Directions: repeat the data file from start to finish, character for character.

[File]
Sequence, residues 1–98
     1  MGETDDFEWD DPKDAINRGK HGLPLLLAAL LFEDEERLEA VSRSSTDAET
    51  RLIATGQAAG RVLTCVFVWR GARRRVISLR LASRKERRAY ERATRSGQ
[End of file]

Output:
Sequence, residues 1–98
     1  MGETDDFEWD DPKDAINRGK HGLPLLLAAL LFEDEERLEA VSRSSTDAET
    51  RLIATGQAAG RVLTCVFVWR GARRRVISLR LASRKERRAY ERATRSGQ